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White Sox stick to same awful script
Not that White Sox manager Ozzie Guillen doesn't trust his bullpen, but …
Tuesday night Jon Garland was allowed to throw 122 pitches—the most for a Sox starter all season—one day after he suffered flu-like symptoms and the imploding bullpen nearly blew a nine-run lead.
Garland did his part, leaving with a lead, but, oh, that bullpen. It again was the culprit in a 6-5, 11-inning loss to the Indians.
Bobby Jenks blew a ninth-inning save, then Dewon Day, in his second inning of relief, blew the game when Jason Michaels led off the 11th with a double and Ryan Garko singled him home.
"It's almost time to get a live chicken down there [in the bullpen]," Jenks said. "If not somebody else, it's me. We have to turn something around."
Trying to save his second straight game, Jenks allowed a two-run homer to Garko—only his second in 39 innings this season—in the ninth inning, accounting for his fifth blown save of the season and third in his last seven appearances.
It was a second straight night for Jenks, and that has been bad news all season.
On the second or third straight day of pitching—which he has done 13 times—Jenks is 0-3 with three blown saves and a 5.84 ERA.
Why the disparity?
"I made better pitches the first day," Jenks said with a smile. "There's nothing to that [second-day stuff]."
Garland made it through six innings and left with a 4-3 lead, thanks to a two-run single from former Indian Jim Thome, a single from Paul Konerko and the fourth homer in five days from a resurgent Jermaine Dye.
"I wasn't 100 percent, but I went out and battled," Garland said. "I don't think it was the flu. I think it was something I ate in Baltimore. But I didn't feel like throwing up at any point."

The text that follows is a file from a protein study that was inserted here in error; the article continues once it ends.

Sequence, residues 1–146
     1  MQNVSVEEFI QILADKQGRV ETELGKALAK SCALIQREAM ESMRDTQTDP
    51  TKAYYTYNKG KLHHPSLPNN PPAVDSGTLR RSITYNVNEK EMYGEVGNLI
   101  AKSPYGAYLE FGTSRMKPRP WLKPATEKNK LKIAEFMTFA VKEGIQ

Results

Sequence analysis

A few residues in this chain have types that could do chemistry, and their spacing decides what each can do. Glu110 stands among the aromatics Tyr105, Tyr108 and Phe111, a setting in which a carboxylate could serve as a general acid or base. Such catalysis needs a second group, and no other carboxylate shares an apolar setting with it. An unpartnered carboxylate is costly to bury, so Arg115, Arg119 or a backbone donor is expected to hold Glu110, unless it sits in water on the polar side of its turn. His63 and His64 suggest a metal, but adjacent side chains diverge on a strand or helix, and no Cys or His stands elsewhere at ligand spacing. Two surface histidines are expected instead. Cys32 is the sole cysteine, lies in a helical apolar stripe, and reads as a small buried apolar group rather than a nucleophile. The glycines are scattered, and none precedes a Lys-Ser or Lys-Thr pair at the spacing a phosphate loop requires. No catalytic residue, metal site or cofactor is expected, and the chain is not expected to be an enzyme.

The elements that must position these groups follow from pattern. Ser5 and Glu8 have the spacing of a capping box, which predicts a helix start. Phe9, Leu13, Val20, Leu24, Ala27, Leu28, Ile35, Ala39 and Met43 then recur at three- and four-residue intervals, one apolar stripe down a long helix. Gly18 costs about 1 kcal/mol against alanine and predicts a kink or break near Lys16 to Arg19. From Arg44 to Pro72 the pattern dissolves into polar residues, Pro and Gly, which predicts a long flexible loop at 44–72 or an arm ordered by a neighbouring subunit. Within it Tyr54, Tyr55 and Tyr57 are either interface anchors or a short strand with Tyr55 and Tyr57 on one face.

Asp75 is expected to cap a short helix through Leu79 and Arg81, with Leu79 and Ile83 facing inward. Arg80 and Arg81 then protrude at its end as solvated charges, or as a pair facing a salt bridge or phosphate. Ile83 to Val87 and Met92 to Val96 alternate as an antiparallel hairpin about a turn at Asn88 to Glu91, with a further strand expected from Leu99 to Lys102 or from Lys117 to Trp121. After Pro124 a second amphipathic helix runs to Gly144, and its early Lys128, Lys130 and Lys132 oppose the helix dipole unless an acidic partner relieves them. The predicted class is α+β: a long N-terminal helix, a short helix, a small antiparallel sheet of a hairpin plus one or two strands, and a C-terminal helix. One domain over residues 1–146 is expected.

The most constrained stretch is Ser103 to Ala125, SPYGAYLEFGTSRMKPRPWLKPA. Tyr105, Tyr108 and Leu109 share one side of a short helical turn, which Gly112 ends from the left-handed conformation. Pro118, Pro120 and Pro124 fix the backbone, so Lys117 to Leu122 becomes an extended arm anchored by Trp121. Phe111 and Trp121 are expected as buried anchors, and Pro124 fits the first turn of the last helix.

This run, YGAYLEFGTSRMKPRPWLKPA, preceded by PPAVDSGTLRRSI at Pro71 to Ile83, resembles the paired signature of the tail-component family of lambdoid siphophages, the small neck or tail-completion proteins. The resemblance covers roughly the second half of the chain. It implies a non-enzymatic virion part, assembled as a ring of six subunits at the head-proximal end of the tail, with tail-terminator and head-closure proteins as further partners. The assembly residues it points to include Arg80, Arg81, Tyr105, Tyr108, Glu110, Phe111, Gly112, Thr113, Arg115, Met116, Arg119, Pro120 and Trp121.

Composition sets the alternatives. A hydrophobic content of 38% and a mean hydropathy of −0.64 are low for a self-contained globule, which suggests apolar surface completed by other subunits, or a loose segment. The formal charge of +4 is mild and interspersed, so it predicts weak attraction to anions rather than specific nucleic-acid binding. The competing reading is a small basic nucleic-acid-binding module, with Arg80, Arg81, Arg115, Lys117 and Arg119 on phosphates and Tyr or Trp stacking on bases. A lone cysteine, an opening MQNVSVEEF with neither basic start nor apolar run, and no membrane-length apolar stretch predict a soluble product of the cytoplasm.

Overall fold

Garland gave way to knuckleballer Charlie Haeger, the only reliever who didn't appear in Monday's fiasco. And Haeger threw two scoreless innings, a rarity for the Sox pen. But he couldn't have done it without the defensive help from Dye, who ended the eighth inning with a double play catch and perfect peg to home plate.
Haeger, who had been a starter at Triple-A Charlotte, entered the game with a 13.50 ERA in his only other appearance with the Sox this season.
By the time Jenks entered the game, the Sox had added an insurance run, courtesy of A.J. Pierzynski being hit by a pitch with the bases loaded.
"The bullpen threw better [Tuesday] than in the past," Guillen said. "We didn't have the clutch hitting and [the Indians] did. We should have won this game."
The game Tuesday was much different from the night before, when the Sox bullpen changed an 11-2 lead into an 11-10 victory and set off their manager, who said it felt as if they had lost.
A night later, Guillen was apologizing.
"I was wrong," he said. "I was wrong because I was so upset and we won the game. That's not me. When I win a game, I don't care [how it] happens. But I look and see these things everyday. I should be happy because we won. But [the bullpen] was driving me crazy."